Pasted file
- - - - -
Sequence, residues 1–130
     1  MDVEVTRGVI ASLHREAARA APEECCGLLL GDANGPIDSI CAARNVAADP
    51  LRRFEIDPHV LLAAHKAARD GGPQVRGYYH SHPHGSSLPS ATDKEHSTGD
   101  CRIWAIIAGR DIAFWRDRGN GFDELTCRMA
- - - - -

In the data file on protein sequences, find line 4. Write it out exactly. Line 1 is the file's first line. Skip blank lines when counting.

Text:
   101  CRIWAIIAGR DIAFWRDRGN GFDELTCRMA